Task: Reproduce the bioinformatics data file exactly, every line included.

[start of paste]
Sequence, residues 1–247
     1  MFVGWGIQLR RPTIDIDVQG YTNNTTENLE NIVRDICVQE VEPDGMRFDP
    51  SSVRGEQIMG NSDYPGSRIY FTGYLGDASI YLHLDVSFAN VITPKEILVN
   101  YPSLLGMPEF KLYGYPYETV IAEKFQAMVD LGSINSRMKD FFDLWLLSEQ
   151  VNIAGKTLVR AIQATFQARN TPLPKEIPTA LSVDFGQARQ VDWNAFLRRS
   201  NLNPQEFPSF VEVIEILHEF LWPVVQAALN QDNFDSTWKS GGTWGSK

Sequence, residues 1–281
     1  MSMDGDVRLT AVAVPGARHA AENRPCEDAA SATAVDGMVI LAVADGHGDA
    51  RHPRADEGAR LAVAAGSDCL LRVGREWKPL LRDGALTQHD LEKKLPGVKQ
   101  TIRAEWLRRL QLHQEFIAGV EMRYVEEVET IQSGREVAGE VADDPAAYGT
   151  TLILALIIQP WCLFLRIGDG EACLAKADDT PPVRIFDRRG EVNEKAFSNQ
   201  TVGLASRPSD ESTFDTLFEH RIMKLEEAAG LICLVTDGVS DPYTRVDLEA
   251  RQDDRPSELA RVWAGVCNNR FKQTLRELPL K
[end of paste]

Sequence, residues 1–247
     1  MFVGWGIQLR RPTIDIDVQG YTNNTTENLE NIVRDICVQE VEPDGMRFDP
    51  SSVRGEQIMG NSDYPGSRIY FTGYLGDASI YLHLDVSFAN VITPKEILVN
   101  YPSLLGMPEF KLYGYPYETV IAEKFQAMVD LGSINSRMKD FFDLWLLSEQ
   151  VNIAGKTLVR AIQATFQARN TPLPKEIPTA LSVDFGQARQ VDWNAFLRRS
   201  NLNPQEFPSF VEVIEILHEF LWPVVQAALN QDNFDSTWKS GGTWGSK

Sequence, residues 1–281
     1  MSMDGDVRLT AVAVPGARHA AENRPCEDAA SATAVDGMVI LAVADGHGDA
    51  RHPRADEGAR LAVAAGSDCL LRVGREWKPL LRDGALTQHD LEKKLPGVKQ
   101  TIRAEWLRRL QLHQEFIAGV EMRYVEEVET IQSGREVAGE VADDPAAYGT
   151  TLILALIIQP WCLFLRIGDG EACLAKADDT PPVRIFDRRG EVNEKAFSNQ
   201  TVGLASRPSD ESTFDTLFEH RIMKLEEAAG LICLVTDGVS DPYTRVDLEA
   251  RQDDRPSELA RVWAGVCNNR FKQTLRELPL K